The resurgence of populism and the advent of the Covid-19 pandemic have consolidated an appeal to the language of trust and distrust in the political arena, but any reference to these notions has often turned into an ideological and polarized debate. As a result, the possibility of developing an appropriate picture of the conditions for trust in politics has
been undermined. To navigate the different demands for trust raised in the political arena, a notion of political trust must cover two partially unfulfilled tasks. One is to clarify what trust means when referring specifically to the political context.
The other is to connect political trust to other notions that populate the debate on trustworthiness in the political arena—those of rational, moral, epistemic, and procedural trust. I will show how the political categories I use to define the scope of a political notion of trust function as normative leverages to develop politics-compatible versions of rational, moral, procedural, and epistemic trust.
political trust, conflict, legitimacy, moral trust, political realism
The text of this publication is published under the Creative Commons license CC BY-NC-SA 4.0 Attribution-NonCommercial-ShareAlike 4.0 International. The exact wording of the license CC BY-NC-ND 4.0 can be found here.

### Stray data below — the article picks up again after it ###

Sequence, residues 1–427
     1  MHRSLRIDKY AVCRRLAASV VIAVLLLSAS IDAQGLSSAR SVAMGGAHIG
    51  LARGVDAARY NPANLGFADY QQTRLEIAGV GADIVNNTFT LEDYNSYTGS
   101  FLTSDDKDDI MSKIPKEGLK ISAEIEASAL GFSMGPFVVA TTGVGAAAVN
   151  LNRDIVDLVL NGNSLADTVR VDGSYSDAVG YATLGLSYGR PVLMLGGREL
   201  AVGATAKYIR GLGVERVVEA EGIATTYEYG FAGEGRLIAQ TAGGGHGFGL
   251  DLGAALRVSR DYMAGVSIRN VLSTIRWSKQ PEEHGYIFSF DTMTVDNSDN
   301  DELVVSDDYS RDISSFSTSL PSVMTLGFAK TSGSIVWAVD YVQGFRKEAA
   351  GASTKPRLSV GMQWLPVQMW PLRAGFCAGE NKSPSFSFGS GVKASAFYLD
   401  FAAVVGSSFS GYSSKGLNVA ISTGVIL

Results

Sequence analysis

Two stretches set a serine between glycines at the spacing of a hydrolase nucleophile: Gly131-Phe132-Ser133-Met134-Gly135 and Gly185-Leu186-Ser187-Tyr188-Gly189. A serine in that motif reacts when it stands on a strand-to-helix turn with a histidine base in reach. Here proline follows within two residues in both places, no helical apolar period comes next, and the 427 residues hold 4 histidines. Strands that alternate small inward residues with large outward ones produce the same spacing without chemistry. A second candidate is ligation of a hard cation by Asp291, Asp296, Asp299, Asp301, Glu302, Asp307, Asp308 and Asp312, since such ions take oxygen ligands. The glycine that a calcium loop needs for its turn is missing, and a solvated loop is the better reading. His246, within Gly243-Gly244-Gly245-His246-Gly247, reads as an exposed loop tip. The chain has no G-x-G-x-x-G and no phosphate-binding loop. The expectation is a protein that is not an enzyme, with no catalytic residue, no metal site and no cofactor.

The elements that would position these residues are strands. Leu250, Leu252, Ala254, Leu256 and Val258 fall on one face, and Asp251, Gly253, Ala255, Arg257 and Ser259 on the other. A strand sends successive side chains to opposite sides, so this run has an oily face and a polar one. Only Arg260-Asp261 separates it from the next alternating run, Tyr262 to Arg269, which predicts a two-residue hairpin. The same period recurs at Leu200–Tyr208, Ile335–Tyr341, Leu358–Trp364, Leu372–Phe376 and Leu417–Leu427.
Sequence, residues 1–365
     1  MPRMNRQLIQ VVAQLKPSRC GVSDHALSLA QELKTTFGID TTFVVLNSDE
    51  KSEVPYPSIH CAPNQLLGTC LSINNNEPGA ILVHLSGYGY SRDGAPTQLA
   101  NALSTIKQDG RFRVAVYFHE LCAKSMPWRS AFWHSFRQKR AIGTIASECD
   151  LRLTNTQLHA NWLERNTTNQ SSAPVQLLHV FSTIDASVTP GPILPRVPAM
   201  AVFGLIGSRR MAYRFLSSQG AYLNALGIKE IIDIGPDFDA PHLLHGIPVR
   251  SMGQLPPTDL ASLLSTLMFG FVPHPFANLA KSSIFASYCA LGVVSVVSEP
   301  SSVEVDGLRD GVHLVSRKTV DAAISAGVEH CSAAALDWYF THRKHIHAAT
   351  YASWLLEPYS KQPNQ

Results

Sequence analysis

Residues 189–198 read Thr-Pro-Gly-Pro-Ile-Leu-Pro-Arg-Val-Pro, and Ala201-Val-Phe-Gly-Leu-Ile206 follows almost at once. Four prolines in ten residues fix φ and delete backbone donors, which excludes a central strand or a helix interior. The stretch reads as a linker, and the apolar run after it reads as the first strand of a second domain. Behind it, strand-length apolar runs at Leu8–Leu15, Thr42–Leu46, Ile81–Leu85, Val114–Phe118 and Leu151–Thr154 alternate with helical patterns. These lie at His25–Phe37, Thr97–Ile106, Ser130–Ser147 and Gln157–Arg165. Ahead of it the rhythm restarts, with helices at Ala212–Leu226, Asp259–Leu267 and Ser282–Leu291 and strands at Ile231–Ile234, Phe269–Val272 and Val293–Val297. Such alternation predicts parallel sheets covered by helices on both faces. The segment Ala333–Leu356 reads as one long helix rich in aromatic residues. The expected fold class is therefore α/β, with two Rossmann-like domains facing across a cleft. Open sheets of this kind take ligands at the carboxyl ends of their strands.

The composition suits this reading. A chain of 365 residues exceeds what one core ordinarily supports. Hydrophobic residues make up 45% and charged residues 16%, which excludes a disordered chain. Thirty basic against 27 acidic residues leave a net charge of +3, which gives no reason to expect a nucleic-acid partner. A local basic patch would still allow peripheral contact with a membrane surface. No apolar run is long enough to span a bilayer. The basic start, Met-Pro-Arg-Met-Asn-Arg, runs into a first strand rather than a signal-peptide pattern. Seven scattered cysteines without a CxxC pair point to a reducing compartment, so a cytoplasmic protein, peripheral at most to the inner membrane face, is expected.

Ilaria Cozzaglio, „What is political about political trust?“, ConTrust Working Paper, No. 5, Frankfurt am Main: ConTrust – Trust in Conflict, 2023, contrust.uni-frankfurt.de/wp-5.
Dr Ilaria Cozzaglio (*1990) is research associate at the Research Centre Normative Orders of the Goethe University Frankfurt. She obtained her PhD in Political Studies from the University of Milan (2018), and was visiting researcher at University College London (2016). Previously, she completed her MA (2014) and BA (2012) in Philosophy at San Raffaele University (Milan). Her research interests concern political realism as a normative approach to elaborating political concepts such as legitimacy, progress and trust, and to addressing political phenomena such as populism. Her work has been published in international outlets such as the European Journal of Philosophy, the European Journal of Political Theory, Philosophy and Social Criticism, Constellations, Social Theory and Practice, Critical Review of International Social and Political Philosophy, Ethical Theory and Moral Practice, and others.
She currently investigates the notion of political trust and its relation to conflict, as part of a broader elaboration of the normative standards for democratic legitimacy that emerge from people’s beliefs. Particular attention is given to the distinction between democratic and populist understandings of political trust.